Also, Mice In Chelsea Neighborhood Carry The Most Viruses

NEW YORK (CBSNewYork) — A team of microbiologists have discovered something New Yorkers have known for a long time: The wild house mice that live here are gross, furry little bundles of disease with feet.

Nearly 1 in 4 mice running about New York City have potentially harmful, drug-resistant bacteria living inside them, according new findings from a Columbia University scientist and published in the journal mBio.

The year-long study of more than 400 mice collected from seven sites in Manhattan, Queens, Brooklyn and the Bronx found they carry bacteria responsible for mild to life-threatening gastroenteritis in humans, and some of these bacteria may be resistant to antibiotics.

“From tiny studios to penthouse suites, New York City apartments are continually invaded by house mice,” says lead author Simon H. Williams, a research scientist at the Center for Infection and Immunity at Columbia University. “Our study raises the possibility that serious infections—including those resistant to antibiotics—may be passed from these mice to humans, although further research is needed to understand how often this happens, if at all.”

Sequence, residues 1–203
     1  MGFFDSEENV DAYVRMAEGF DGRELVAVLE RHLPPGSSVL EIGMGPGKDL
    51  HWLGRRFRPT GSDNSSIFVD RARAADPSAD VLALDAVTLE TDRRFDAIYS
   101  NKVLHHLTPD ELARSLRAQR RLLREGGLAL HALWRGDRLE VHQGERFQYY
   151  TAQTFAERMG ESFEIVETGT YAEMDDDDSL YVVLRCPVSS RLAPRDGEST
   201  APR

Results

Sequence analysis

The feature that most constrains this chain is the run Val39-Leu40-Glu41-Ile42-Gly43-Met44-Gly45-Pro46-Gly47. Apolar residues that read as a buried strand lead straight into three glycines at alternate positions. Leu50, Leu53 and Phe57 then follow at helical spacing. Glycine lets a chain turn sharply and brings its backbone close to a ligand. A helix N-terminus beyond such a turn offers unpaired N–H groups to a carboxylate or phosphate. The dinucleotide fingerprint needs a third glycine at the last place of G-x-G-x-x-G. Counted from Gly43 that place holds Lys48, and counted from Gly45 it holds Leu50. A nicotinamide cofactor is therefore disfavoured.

One example comes from salmonella infections caused by food contaminated with animal waste, including mouse feces.

A second study in mBio found 36 viruses, including six new viruses, existing in mouse droppings.

Also discovered in the study, for some reason mice in Chelsea were heavier and carried more viruses than mice from other neighborhoods. The finding was reminiscent of a study published in December in which a Fordham University grad student team discovered Manhattan’s “uptown” and “downtown” rats are genetically different, as are “West Village” versus “East Village” rats.

“New Yorkers tend to focus on rats because they are larger and we see them scurrying around in streets or subways; however, from a public health vantage point, mice are more worrisome because they live indoors and are more likely to contaminate our environment, even if we don’t see them,” said CII senior author Dr. W. Ian Lipkin.